Mofsed-e-filarz (Persian: مفسد فی الارض, also Mofsed fel-Arz, Afsad-i fil Arz, or fasad-fel-arz, Arabic: المفسد في الأرض Al-Mufsid fi al-Arḍ, also fasad fi 'l-ard lit. Corrupt on Earth) is the title of capital crimes (or the person guilty of them) in the Islamic Republic of Iran, that has been translated in English language sources variously as "spreading corruption on Earth", "spreading corruption that threatens social and political well-being", "corrupt of the earth; one who is charged with spreading corruption," "gross offenders of the moral order", and "enemies of God on Earth."
According to scholar John Esposito, the term is used in the Quran to refer to “corrupt conditions, caused by unbelievers and unjust people, that threaten social and political well-being.” It is found in Quran in the verse
The charge as enforced by the Islamic Republic of Iran has been called "a catchall indictment of political dissent" and carries the death sentence.
According to at least one source, Mofsed-e-filarz was first introduced as a crime in the Islamic Republic of Iran by Ayatollah Khomeini. It was used by Islamic Republican judicial authorities in the early days of the Iranian Revolution, resulting in many imprisonments and executions. Possibly more than 8,000 people suffered that fate, ranging from former members of the Shah's government, leaders of opposition or terrorist groups, or simply opponents of the regime. It was used against Baha’i leaders on a number of occasions, and in February 2011 a large majority of members of the Iranian parliament called for the prosecution and execution of Iranian opposition leaders Mehdi Karroubi and Mir-Hossein Mousavi on the charge of mofsed-e-filarz.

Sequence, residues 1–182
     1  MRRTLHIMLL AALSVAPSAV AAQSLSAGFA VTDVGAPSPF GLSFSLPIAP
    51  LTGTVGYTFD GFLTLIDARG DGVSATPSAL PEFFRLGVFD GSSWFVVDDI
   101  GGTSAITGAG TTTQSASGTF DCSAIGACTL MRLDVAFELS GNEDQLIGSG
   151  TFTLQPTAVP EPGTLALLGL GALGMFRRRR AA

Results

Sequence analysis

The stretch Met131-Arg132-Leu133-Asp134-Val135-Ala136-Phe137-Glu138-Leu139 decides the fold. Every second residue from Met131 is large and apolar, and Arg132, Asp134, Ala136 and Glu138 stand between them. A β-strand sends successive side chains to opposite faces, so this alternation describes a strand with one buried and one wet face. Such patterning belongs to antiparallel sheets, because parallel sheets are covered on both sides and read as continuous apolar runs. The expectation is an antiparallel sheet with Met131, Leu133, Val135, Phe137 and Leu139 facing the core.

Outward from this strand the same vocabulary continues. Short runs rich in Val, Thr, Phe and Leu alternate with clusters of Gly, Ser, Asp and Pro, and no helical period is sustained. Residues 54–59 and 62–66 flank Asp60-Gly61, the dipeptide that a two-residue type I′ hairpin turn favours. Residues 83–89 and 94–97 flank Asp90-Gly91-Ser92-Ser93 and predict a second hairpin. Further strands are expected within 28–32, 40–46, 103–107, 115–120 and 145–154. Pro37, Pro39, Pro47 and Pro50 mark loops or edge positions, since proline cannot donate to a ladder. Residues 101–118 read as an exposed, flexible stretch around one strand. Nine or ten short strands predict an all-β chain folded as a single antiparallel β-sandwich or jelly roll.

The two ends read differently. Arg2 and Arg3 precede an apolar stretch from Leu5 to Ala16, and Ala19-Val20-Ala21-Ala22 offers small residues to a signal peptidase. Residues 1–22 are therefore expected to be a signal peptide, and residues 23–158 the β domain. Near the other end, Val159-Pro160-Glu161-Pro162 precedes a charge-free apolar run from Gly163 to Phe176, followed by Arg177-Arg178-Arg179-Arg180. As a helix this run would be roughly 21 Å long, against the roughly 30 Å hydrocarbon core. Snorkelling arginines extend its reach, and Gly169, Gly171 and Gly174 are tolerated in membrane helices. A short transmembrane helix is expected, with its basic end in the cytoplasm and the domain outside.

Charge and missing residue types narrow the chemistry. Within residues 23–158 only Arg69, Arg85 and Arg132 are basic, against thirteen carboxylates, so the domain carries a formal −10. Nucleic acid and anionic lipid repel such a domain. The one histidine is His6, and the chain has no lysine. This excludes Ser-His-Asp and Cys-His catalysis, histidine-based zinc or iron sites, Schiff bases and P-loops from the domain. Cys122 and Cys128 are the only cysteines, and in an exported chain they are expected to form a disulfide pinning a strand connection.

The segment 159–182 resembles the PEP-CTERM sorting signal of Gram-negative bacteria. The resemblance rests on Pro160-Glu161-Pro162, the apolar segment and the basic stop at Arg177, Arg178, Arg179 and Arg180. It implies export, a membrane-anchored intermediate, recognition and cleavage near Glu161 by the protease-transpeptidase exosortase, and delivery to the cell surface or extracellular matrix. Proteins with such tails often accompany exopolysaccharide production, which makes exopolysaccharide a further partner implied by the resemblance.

The Criminal Codes of the IRI that include Mofsed-e-filarz were adopted in 1996 by the Islamic Consultative Assembly, some changes were made in 2012. Muhareb and Mufsid-i fil Arz are defined as persons drawing weapons with intent to threaten or cause fear and security risk in society in Article 190 of the Codes. Article 284 of the Codes is dedicated to Baghi [armed rebellion], and Afsad-i fil Arz, and was revised with a broadening of who may be punished by execution. Article 284 states that those subject to execution include, “Whosoever engages extensively in:
"Exposure from a cross is a punishment that the Qur'an authorizes for anyone who has `[made] war against God and His apostle` or `spread disorder in the land.` ... Most classical jurist had construed their definition with commensurate care, establishing a thousand or so years ago that they referred specifically to banditry in open country: a uniquely destabilizing threat to civil order in a premodern society.